Wolves are highly intelligent social animals. They are a critically important predator in the western food chain. They keep populations of ungulates (or animals with hooves) healthy. In nature there is no room for unfit or diseased-ridden animals. When wolves eat, so too do a host of other animals including: wolverines, lynx, bobcats, mink, weasels, hares, porcupines, squirrels, mice, voles, shrews, ravens and crows.

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Story ran in Malibu Times January 13, 2013

Since 2006, seventy three million sharks, annually, have been slaughtered, that’s approximately a half a billion dead animals. That means as high as 90 percent of sharks around the globe have been decimated in the vast open oceans. Poachers are now even hunting sharks in reserves e.g. Columbia’s Malpelo Wildlife Sanctuary.

When top-predators are removed there’s a dreadful reverberation that results throughout entire ecosystems. Predators keep ecosystems in balance. They cull the old and weak – essentially ensuring a high level of fitness amongst their prey.

When humans brutally massacre sharks for their fins (fining them alive and throwing them back into the sea) food webs unravel. Currently, we are knowingly impoverishing all oceans. As a result, jellyfish populations are exploding and new diseases are emerging.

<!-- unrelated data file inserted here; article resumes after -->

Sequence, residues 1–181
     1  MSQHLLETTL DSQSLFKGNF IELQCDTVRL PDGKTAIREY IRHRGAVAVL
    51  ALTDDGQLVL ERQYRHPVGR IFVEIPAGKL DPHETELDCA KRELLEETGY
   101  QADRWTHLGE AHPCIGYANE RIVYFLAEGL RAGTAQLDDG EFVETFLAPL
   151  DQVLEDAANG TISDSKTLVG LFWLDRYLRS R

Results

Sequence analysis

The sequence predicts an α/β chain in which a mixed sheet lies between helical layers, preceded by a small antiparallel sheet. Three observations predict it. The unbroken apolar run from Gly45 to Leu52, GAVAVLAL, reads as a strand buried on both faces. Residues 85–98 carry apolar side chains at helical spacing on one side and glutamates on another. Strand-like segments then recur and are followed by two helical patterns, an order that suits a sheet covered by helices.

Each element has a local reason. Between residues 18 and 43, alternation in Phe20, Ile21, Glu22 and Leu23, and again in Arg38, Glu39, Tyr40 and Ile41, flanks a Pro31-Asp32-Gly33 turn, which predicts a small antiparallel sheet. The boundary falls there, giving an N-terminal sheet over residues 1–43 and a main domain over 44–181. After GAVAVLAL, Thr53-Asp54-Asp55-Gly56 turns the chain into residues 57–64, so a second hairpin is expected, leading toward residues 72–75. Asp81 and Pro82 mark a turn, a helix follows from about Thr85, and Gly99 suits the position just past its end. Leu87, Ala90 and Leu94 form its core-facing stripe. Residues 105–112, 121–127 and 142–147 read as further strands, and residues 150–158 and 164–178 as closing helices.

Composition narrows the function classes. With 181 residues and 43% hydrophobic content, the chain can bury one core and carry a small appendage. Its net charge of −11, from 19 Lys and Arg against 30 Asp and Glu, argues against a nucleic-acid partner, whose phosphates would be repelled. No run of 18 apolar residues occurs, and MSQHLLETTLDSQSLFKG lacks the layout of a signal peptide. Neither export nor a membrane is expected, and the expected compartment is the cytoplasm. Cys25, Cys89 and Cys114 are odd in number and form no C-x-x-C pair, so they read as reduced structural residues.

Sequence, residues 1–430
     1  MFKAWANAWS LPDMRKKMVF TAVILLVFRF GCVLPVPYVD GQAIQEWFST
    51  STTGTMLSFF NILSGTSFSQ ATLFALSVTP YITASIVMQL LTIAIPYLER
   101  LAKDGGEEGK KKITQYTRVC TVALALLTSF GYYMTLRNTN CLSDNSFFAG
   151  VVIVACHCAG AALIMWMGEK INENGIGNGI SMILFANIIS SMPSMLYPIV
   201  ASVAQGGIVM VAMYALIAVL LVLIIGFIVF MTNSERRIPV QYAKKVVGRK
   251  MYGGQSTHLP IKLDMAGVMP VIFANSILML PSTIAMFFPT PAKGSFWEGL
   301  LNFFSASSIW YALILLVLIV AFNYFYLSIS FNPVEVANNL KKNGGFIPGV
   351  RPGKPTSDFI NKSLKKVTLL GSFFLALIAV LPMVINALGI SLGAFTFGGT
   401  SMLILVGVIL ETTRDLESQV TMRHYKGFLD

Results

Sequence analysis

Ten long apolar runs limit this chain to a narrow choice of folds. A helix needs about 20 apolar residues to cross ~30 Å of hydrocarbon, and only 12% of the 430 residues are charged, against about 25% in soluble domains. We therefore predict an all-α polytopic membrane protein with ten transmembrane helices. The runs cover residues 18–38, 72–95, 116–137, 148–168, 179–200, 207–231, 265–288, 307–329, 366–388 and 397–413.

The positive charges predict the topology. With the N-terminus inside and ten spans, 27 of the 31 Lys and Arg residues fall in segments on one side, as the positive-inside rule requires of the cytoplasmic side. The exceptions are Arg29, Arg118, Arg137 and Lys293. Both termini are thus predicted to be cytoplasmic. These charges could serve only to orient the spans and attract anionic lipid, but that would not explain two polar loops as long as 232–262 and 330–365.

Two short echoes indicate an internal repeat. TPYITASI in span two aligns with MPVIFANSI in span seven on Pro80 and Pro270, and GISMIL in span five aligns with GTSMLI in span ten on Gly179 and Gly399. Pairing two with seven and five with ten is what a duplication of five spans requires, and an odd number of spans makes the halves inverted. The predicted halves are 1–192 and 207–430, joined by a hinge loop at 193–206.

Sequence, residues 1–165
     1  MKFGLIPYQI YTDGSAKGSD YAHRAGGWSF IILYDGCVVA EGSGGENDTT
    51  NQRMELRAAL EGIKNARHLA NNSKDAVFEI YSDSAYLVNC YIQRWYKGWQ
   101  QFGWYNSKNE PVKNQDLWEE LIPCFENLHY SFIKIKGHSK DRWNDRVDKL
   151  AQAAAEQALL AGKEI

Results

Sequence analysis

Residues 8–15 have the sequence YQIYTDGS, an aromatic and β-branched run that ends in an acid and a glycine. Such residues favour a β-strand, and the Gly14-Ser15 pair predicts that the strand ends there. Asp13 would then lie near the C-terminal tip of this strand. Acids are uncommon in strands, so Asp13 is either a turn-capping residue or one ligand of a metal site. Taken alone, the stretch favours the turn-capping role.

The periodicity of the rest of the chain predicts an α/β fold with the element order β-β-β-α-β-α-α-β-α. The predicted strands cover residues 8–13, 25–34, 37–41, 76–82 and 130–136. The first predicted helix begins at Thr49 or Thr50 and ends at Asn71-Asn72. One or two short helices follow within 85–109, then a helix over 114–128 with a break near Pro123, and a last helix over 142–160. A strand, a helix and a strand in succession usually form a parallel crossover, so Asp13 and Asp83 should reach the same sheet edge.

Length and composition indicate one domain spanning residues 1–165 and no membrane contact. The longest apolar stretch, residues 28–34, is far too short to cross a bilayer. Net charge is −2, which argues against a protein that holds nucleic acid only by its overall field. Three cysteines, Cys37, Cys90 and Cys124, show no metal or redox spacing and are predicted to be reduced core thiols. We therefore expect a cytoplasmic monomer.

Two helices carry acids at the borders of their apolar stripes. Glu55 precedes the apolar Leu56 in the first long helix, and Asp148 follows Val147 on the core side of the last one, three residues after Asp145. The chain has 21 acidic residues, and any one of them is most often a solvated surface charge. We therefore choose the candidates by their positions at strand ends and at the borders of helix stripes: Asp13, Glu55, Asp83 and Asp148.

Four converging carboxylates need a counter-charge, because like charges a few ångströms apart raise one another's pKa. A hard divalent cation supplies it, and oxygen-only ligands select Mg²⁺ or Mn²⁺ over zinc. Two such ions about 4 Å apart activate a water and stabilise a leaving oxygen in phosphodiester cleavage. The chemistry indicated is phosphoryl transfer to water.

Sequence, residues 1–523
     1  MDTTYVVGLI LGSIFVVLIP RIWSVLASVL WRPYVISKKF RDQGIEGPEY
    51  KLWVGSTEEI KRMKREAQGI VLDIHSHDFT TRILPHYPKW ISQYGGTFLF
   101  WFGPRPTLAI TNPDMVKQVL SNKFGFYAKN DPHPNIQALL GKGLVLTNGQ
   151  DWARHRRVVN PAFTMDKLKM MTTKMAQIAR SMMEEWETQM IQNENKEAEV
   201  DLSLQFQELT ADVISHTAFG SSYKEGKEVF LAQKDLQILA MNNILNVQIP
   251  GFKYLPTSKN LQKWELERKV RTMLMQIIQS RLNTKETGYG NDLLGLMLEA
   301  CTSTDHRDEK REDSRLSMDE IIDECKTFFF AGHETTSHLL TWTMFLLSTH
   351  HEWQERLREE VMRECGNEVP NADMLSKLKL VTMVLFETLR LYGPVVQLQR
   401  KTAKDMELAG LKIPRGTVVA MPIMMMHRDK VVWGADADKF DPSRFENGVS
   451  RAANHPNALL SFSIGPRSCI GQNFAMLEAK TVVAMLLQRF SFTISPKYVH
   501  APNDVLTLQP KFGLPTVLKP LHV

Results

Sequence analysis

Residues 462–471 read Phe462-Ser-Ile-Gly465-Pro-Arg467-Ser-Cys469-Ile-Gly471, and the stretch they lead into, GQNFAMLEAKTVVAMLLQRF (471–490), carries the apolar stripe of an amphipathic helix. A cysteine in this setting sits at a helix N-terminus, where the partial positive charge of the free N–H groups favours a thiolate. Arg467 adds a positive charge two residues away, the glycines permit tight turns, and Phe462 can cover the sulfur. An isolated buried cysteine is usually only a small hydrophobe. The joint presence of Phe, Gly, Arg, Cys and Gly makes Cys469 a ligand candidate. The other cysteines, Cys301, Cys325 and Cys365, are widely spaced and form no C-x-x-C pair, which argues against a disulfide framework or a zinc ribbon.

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White Sands, New Mexico

Children often ask: Why is history so important? For which I regularly answer – because the past is rich with information and lessons.

From about AD 800 to 1300 the Earth underwent a slight warming period so dubbed “The Medieval Warm Period.” Most places experienced milder winters and longer summers but temperature differences never amounted to more than one degree C or so. And everywhere was not necessarily warmer. For example, the eastern Pacific was cooler and drier.

Globally, the climate went through sudden and unpredictable swings. The most startling was the extent and duration of droughts.

The difference between 20 millimeters or eight-tenths of an inch of precipitation spells the difference between life and death.